Don’t let fear of vision loss blind you into risky decisions

It’s natural to worry about losing your vision someday. After all, three of the leading causes of blindness in the United States — cataracts, glaucoma and age-related macular degeneration — all become more common as we age and can cause vision loss. But some makers of drugs, supplements and lenses — and even some doctors — take advantage of that fear, recommending treatments that are expensive, unnecessary and even risky. Here’s what you need to know:


The only way to cure cataracts — a clouding of the lens of the eye that impairs vision — is with surgery to replace the bad lens with an artificial one. Although the procedure is very safe and effective, some doctors recommend needless tests or push newer types of lenses that pose risks.
Skip unneeded pre-surgery tests. Cataract surgery, usually performed as an outpatient procedure, requires only a local anesthetic to numb your eye. Research shows that for most people the only pre-op requirements are that you be free of infection and have normal blood pressure and heart rate. Yet many doctors routinely order other tests, including blood counts and electrocardiograms, as would be necessary before a major procedure.
Be wary of premium lenses. In standard cataract surgery, doctors remove the clouded lens and replace it with an artificial, monofocal lens, which provides clear images at either near or far vision. Multifocal lenses do both, so you don’t also have to wear glasses. But these lenses cost up to $4,000 — and usually aren’t covered by insurance. More worrisome, a 2012 review found that while the lenses provided better near vision, they also produced more complaints of halos and glare. However, you might consider a premium intraocular lens if you have an astigmatism, an irregularly shaped cornea.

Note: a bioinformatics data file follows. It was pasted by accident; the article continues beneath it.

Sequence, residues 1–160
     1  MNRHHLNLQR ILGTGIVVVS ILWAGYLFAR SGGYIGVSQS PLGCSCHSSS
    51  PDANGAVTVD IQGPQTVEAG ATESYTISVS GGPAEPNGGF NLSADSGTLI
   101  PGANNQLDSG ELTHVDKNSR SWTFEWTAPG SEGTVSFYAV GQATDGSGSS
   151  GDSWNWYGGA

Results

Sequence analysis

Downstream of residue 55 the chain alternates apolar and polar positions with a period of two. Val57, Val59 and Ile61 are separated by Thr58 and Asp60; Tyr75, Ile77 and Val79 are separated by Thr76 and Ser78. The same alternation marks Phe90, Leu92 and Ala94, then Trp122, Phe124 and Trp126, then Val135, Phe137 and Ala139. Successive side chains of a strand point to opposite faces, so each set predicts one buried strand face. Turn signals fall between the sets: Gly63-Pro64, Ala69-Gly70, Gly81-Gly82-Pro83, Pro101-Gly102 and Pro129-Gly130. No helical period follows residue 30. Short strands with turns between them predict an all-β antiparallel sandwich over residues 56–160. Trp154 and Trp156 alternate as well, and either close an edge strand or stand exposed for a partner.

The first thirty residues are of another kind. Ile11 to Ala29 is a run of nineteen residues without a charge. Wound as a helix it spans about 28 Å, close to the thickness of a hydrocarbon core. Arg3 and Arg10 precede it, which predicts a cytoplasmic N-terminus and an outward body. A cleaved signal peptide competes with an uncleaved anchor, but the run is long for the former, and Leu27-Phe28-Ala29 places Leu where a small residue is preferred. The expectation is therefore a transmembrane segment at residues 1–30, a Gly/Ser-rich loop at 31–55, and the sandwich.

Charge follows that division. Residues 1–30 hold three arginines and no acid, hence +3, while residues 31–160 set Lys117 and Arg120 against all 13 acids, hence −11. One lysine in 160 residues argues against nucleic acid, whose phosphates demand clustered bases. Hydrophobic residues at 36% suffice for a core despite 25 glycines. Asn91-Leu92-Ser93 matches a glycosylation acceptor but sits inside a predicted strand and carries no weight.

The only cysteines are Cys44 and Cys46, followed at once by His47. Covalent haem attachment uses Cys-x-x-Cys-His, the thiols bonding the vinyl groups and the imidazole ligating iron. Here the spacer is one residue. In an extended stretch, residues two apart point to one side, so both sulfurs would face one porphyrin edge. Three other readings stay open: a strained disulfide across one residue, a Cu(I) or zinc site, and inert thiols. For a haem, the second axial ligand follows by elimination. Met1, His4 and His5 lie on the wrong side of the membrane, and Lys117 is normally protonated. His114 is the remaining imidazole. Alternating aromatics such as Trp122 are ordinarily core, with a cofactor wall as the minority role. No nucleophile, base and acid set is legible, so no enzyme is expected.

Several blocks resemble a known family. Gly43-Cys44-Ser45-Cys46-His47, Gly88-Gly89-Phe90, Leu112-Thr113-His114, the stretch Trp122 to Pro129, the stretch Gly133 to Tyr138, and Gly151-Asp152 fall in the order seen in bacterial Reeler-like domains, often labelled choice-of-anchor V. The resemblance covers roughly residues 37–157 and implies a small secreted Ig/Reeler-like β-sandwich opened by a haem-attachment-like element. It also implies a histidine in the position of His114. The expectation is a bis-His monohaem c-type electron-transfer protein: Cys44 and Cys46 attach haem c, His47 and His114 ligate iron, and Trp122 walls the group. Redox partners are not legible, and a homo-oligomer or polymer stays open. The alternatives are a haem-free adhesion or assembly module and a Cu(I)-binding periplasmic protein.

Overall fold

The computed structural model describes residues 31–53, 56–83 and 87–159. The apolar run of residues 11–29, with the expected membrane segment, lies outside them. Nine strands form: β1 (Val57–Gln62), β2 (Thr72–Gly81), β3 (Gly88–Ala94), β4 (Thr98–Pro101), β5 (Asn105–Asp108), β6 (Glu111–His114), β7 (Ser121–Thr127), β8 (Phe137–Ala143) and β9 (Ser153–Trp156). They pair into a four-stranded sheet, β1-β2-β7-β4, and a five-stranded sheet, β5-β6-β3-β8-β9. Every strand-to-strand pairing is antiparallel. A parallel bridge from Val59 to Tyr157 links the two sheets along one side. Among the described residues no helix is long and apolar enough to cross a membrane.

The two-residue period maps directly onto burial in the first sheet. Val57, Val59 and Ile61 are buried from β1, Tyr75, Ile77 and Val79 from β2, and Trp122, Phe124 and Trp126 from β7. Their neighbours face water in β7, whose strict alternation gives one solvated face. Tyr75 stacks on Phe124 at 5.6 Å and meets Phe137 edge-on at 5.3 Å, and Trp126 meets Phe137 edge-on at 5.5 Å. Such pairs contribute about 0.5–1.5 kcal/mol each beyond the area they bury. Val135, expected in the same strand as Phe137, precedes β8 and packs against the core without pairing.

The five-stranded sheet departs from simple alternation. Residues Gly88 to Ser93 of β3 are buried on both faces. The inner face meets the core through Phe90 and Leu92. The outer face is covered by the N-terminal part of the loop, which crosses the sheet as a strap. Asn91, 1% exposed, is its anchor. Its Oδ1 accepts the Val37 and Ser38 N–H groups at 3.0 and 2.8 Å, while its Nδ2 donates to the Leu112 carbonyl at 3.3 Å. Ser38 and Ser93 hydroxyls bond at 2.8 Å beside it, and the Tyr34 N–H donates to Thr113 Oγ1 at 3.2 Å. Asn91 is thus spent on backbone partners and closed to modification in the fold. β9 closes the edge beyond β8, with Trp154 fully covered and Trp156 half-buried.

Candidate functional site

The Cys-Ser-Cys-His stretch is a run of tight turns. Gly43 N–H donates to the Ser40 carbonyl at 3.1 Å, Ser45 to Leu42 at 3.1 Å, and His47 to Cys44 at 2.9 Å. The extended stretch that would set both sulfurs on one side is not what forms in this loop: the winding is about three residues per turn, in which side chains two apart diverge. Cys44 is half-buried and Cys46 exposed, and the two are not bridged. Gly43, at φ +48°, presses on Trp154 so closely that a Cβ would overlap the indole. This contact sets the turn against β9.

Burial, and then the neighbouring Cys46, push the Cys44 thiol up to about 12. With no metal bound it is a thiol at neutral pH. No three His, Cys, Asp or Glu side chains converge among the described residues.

More than 2.2 million Americans have glaucoma, but only half know it. That makes screening important. Treatment is key, too, because glaucoma can lead to permanent vision loss. But treatment, which often requires several different daily eyedrops, can be expensive and complicated.
Get the right tests. Glaucoma often goes undiagnosed because it causes no symptoms until vision declines, at which point treatment no longer helps. So people ages 40 to 60 should consider being examined by an ophthalmologist or optometrist every three to five years; those older than 60 need an eye exam every one to two years. Though many eye doctors screen for the disease with tonometry — a test that measures eye pressure — that’s not enough. The exam should also include an ophthalmoscopy, which involves examining your optic nerve……..
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Source: Washington Post & Consumer Reports